BALI CULTURE INFORMATION

 

 
 
The Island Of Bali, Indonesia

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THE SOUL

By this time the corpse has lost all importance, and from this time on, the family is concerned entirely with the soul of the dead person. A most important accessory for the ensuing ceremonies, and the object around which the rites revolve, is the adegan, the effigy in which the soul is embodied to be purified. The adegan consists of two images, one silhouetted out of palmleaf in the traditional tjili shape, and a more realistic one drawn on a thin tablet of sandalwood, bound together and placed on a silver vase that rests on a silver platter.

Betel-nut, sirih leaves and flowers for praying are placed inside the vase to make the soul comfortable and, nothing being too good for it, the well to-do add a third image made of beaten gold, bracelets, anklets, and a comb of silver or gold. The person's name is written on a small label of palm-leaf attached to each adegan. There is an effigy for each corpse, but only the adegan is used should no remains be available; for instance, if no bones should be found on opening the grave, if its location has been forgotten, or if the person died at sea or in a foreign land.

The souls are provided daily with " drinks," holy water from sacred springs. Processions go regularly to distant mountain springs to fill the new clay pots inscribed with a lotus and the sacred syllable ong, while someone casts coins into the waters and recites prayers for the spirit of the spring. Rolls of ancient " black " coppers are tied to the neck of each pot with the special white yarn used in ritual, and each pot is provided with a label bearing the name of the dead. The pots of holy water are then deposited on the pavilions where the bodies lie.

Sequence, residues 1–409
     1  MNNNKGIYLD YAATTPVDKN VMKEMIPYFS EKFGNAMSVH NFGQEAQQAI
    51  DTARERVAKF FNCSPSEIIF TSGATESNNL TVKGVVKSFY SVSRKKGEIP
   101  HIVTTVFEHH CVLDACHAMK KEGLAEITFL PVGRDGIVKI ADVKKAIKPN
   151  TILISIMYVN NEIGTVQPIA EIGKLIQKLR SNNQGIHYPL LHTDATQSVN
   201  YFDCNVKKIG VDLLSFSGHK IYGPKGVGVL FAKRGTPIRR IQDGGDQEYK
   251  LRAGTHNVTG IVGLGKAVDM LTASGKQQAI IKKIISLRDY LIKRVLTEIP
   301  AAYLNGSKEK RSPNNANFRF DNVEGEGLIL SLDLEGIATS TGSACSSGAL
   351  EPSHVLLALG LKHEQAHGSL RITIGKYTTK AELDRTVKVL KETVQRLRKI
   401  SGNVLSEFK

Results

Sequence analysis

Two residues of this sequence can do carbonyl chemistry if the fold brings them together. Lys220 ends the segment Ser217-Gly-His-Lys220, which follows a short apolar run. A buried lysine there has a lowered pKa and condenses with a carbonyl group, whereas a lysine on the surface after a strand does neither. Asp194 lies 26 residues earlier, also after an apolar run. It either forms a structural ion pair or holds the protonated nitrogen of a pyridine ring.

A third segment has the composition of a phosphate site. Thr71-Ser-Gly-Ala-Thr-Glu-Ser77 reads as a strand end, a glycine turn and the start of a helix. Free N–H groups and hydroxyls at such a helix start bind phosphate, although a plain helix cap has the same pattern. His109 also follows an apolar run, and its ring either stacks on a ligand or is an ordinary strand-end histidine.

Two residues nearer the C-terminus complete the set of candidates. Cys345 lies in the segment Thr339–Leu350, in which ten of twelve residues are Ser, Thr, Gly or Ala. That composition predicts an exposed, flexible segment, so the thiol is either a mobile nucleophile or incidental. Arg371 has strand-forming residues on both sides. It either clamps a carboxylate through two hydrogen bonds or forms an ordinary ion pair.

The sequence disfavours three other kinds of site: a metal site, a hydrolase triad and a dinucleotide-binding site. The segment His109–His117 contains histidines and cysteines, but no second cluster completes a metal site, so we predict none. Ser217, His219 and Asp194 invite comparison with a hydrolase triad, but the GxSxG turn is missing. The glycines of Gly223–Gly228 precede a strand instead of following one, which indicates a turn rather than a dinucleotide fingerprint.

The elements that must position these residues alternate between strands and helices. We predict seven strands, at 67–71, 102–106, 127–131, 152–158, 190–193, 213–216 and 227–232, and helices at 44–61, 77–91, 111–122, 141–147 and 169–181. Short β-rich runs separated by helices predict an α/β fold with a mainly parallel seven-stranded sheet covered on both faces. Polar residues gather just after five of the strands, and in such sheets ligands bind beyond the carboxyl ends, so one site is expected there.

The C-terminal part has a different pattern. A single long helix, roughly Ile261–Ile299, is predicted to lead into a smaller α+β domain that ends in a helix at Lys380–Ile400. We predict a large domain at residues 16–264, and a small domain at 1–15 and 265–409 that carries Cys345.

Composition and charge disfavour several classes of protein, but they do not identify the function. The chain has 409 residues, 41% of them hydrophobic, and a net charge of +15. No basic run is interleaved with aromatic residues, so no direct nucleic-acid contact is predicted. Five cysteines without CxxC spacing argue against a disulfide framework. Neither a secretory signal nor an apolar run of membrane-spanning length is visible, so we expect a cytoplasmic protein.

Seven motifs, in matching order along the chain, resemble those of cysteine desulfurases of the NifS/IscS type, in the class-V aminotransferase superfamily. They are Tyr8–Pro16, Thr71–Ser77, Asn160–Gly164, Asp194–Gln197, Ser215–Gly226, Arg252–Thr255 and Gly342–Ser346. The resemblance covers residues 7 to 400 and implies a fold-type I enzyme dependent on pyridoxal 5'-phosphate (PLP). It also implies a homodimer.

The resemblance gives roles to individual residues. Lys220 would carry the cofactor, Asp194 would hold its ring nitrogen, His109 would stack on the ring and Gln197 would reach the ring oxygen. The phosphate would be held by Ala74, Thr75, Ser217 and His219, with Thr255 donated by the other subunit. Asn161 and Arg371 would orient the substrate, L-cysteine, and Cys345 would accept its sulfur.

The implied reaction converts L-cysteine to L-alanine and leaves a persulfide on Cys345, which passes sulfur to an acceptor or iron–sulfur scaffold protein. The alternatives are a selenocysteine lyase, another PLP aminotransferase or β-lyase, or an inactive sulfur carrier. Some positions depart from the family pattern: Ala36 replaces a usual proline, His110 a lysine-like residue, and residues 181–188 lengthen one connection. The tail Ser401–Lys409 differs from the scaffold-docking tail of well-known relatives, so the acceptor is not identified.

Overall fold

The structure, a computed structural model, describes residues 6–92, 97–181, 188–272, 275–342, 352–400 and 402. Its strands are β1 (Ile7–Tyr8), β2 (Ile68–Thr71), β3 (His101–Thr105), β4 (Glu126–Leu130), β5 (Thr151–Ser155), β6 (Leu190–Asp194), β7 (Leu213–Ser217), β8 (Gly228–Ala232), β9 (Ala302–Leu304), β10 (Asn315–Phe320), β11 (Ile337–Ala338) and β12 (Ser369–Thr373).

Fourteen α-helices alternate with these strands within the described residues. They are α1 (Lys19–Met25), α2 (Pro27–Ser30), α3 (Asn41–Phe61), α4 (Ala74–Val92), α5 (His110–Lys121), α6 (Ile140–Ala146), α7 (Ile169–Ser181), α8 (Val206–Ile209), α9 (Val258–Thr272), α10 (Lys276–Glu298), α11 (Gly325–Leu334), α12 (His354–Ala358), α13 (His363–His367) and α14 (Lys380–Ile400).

The elusive souls are next " awakened " and captured in the effigies. They are taken to the burial ground, and the company kneels in front of the open graves, strewing offerings on the ground and singing songs. The men dig the earth a little, knocking upon it, and call the souls to awaken, while someone scatters pennies to distract the devils that wait ready to pounce upon the effigies and pollute them.

The procession returns home, each effigy, now incorporating a soul, carried on the head of a girl, to be blessed in the shrine of each household. Each effigy is then " cured " as if it were a corpse: it is sprinkled with holy water, the various ingredients (banten sutji) to attain physical perfection (shreds of mirror, flowers, a gold ring, nails, etc.) are placed over it, the egg rolled along its length, and it is decorated with gold and silver objects. The cured effigies are placed near the corpses, wayang music is played, and the little egg-shell lamps of the angenans are lit for the night.

The ceremonies acquire greater significance as the date for the cremation approaches. A great procession is held on the eve of the cremation day to take the effigies to the house of the high priest for their final blessing. It is important that this procession be grand and luxurious, and all the relatives of the dead parade in it dressed in the finest clothes obtainable, with brocades, gold flowers, jewellery, and jewelled krisses much in evidence.

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